Configure Cisco Aironet 1130AG with WPA2 authentication GUI

The company I was working for was throwing away legacy gear and I decided to ask for it so I can have a play around. It was a Cisco Aironet 1130AG Series AP.

I have been working with the new Cisco 887 and 881 routers with built in AP and would use the CLI to configure the wireless bit. I have also been working on Meraki products particularly the MX product line where everything is cloud base. I was thinking of adding this AP to my home network and eventually get it into my ISE lab.

In order to get this bad boy wired up, I had to open the lid which uncovers the circuit board and nicely labelled ports. It has a fastethernet port PoE powered which is perfect for me as I have a PoE switch. Console cable on the right side of the ethernet port and even though this is an old device I felt like a kid who’s excited to get his new toy working.

Easy reset button found right next to the console port, just stick in your favorite pen and your off.

From the CLI, it boots up just like any cisco device…slow. Once it is done, it will greet you with the ap> the default enable password is Cisco, with the capital C then you can start running your favorite show commands and start exploring.

By default it will get its address from a DHCP server on your network so make sure you have setup one up. Then again there’s always that option to statically set this up with the CLI but it defeats the whole idea behind this blog.

The next step is open your browser and type the IP address assigned to the AP, this should ask you then for a username and password which is both Cisco, again with a capital C.

Word of caution before we proceed, the GUI is so slow and you have to be patient as it takes time. It is as if the lag is when the GUI tries to translate all you’ve clicked into CLI commands and applies it to the AP.

The home page gives you basic information about the AP nothing really exciting. By default the Radio’s under the Network Interfaces section is down but since this screenshot was taken after I have enabled it so disregard that for now.

Statically assigning an IP to this AP

On the left menu click on Express Set-up, once on the page, click the Static IP radio button, then assign the designated IPs for your AP.

Don’t forget to click the Apply button at the bottom of the page.

Create a SSID

On the left menu click on Express Security, enter the name of the SSID, click the Broadcast SSID in Beacon check box, tick the No VLAN unless you want to use a specific VLAN on your network and tick the No Security radio button. Later we will setup the WPA2 password for it so hang tight. Click the Apply button at the bottom of the page.

Enable the radio

Now this is the bit that will test your patience. On the left menu click Network Interfaces, then click one of the radios in my case its Radio0-802.11G. Click the Settings tab, then tick the Enable radio button. Don’t forget to click the apply button at the bottom of the page.

Again, the GUI is laggy, wait for it until the Current Status says enabled just like in my screenshot.

Configuring WPA2

Now there’s a few steps here that you need to pay attention. Go to the Security menu, then click Encryption Manager. Tick the Cipher radio button and on the drop down menu choose AES CCMP. Click Apply-All at the bottom of the page.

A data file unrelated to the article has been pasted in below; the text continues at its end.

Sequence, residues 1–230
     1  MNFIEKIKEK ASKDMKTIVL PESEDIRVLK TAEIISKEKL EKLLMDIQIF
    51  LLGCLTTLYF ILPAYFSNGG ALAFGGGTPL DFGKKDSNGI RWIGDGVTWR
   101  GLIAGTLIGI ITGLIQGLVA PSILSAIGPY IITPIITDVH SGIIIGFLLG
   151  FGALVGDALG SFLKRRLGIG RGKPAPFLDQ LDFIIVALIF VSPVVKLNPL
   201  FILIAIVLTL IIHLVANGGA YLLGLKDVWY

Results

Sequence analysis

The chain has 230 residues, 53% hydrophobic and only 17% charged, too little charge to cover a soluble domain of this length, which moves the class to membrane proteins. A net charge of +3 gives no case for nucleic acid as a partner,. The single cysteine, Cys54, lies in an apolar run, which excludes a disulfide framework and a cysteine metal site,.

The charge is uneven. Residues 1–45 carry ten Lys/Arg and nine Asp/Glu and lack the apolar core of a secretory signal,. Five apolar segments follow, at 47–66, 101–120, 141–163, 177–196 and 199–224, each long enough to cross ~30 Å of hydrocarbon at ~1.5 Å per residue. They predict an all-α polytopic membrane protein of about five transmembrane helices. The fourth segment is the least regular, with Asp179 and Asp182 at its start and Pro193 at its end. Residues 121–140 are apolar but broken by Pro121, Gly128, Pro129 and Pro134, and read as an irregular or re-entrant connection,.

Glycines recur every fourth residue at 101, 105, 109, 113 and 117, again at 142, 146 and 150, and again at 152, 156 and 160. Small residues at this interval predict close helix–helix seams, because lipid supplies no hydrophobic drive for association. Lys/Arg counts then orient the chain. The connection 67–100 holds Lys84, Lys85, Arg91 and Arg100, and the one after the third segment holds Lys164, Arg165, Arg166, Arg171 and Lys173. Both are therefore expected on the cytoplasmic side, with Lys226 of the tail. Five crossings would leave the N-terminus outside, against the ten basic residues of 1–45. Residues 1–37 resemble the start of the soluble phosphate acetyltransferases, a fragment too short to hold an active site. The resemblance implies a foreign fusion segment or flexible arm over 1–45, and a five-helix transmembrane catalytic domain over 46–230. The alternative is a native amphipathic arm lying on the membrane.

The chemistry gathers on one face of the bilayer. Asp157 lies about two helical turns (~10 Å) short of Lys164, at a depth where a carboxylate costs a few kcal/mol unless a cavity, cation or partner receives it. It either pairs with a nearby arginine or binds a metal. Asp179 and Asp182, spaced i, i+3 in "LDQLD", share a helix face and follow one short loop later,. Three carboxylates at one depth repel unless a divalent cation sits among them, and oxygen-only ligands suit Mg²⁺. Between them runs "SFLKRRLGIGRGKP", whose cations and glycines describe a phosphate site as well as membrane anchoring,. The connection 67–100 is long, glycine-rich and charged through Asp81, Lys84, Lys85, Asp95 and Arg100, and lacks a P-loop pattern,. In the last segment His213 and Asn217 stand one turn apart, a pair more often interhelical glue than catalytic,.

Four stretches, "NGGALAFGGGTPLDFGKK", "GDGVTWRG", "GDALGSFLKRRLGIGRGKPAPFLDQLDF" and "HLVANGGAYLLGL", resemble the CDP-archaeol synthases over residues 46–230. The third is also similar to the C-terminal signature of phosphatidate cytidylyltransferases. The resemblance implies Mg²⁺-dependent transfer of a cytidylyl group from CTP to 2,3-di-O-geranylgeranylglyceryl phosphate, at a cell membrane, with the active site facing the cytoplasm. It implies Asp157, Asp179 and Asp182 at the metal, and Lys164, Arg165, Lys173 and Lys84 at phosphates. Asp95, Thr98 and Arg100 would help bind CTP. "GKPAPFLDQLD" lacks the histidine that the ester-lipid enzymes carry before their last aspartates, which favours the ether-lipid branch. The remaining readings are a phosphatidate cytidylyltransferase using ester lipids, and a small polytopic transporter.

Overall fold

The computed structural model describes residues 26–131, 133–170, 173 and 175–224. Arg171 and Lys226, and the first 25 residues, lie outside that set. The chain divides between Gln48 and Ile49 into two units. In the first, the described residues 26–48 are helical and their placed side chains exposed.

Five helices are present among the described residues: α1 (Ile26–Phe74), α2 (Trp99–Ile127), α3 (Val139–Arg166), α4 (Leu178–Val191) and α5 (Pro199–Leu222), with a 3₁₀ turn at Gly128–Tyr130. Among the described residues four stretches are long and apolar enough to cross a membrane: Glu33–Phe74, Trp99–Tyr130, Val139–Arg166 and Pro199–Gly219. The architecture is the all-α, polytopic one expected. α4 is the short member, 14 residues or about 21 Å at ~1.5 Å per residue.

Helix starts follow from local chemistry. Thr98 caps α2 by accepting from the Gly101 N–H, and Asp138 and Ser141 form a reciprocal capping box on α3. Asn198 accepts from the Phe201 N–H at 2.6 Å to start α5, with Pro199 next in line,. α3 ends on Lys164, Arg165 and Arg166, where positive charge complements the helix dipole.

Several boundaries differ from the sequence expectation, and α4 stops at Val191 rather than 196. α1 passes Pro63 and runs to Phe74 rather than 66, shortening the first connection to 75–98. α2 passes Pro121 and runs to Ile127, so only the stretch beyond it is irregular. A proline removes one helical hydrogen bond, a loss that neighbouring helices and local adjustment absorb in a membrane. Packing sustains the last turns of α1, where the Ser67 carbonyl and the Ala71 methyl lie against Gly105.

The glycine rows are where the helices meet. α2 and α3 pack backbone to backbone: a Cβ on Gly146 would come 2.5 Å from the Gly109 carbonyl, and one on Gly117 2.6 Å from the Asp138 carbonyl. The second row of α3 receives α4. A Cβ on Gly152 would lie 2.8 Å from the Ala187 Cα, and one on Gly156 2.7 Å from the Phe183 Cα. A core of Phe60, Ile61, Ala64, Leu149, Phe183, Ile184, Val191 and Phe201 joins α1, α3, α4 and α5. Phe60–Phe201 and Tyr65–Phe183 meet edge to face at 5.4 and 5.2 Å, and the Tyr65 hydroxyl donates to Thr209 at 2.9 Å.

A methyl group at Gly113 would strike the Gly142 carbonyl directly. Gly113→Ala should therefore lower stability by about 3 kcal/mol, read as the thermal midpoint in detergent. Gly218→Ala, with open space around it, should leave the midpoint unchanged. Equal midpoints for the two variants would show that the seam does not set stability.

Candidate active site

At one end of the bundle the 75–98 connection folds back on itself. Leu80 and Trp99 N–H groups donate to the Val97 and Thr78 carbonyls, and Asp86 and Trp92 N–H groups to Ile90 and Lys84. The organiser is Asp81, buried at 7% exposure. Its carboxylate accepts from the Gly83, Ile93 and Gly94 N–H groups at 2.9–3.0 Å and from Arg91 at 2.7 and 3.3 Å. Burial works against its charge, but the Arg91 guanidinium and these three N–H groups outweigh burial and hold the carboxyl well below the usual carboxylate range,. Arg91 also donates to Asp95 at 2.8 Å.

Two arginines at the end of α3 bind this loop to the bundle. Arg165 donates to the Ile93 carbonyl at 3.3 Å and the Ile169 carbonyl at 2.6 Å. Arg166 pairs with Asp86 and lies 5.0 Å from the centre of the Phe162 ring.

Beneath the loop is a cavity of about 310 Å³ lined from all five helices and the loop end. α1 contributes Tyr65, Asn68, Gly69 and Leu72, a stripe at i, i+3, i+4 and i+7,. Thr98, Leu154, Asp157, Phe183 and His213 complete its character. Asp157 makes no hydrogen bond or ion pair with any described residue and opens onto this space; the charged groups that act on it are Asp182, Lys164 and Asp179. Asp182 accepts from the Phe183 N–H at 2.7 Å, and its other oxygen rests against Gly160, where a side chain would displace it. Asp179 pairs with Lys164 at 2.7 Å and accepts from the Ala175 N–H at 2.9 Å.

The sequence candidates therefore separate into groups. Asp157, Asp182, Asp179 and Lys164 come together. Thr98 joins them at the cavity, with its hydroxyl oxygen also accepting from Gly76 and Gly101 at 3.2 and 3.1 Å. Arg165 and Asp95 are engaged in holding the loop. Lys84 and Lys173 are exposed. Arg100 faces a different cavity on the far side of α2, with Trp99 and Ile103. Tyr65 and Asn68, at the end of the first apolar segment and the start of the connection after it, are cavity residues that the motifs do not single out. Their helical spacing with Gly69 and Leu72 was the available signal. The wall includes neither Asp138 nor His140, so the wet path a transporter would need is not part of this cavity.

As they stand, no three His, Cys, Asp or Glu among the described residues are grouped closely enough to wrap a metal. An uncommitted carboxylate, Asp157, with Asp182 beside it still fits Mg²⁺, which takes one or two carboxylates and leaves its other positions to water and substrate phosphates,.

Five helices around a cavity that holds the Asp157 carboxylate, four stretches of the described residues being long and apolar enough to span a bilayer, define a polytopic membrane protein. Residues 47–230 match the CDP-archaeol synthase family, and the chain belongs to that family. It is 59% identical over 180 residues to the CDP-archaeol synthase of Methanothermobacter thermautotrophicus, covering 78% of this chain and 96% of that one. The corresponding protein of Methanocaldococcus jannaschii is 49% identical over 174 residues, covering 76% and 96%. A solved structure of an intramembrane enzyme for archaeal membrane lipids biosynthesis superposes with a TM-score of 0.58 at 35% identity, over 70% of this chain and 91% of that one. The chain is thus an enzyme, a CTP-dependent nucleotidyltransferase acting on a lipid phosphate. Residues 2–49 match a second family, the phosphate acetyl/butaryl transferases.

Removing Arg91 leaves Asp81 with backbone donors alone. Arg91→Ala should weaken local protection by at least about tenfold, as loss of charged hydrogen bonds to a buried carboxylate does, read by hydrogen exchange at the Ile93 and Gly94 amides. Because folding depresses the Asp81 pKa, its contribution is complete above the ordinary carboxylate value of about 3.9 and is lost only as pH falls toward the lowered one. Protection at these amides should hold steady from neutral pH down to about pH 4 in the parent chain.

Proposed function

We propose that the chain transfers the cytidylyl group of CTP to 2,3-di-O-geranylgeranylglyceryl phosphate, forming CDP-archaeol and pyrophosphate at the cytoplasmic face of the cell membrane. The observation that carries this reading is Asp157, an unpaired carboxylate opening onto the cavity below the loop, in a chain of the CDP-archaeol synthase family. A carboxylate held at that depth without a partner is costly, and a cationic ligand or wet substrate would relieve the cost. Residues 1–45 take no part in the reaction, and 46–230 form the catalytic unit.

Again under the Security menu, click SSID Manager menu. Please wait until the Current SSID List is populated and the SSID you created earlier appears. Again patience is the key here.

Scroll down on the same page till you create the Client Authentication Key Management section. Choose Mandatory on the Key management drop down menu, tick the WPA check box. Note: Depending on the model, it will give you the option to choose WPA2, as I am using a legacy device it does not have that option. Then enter the WPA Pre-shared key.

If you scroll further down you’ll see two(2) apply button, all you have to do is click the apply button under the Mutiple BSSID Beacon Settings section.

Once that is all done, pull out your mobile device, detect the SSID you have created, enter the password and your off to the races. Happy surfing.

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Starting the automation path with UI-Path

If you have been following my blog, I have posted blogs on automation. Well…a way I can automate some of my tasks like configure a router by entering all the necessary info like IP, hostnames, routing protocols etc. Figuring out a way where I can also test to validate everything is working. I have been playing with python, netmiko, napalm etc. which requires a combination of programming, networking, linux skill sets.

Then at work I stumbled upon RPA, Robotic Process Application. Read a few Gartner articles and watched a few youtube videos on the topic and it just blew my mind away with the use cases that I can apply with work. The challenge though how can I get my hands into these robots. But before I got any futher I won’t assume you my read would have an idea what am I talking about.

So what is RPA?

Put it simply it is a software that follows a set of sequence, based on a given information, will process them accordingly to produce a desired output. To put it practically, let us say you want this robot to check your email for any request for a particular task, this task requires data to be entered to another software let us say maybe Salesforce, once it is processed, respond back to the sender to confirm that it has been done.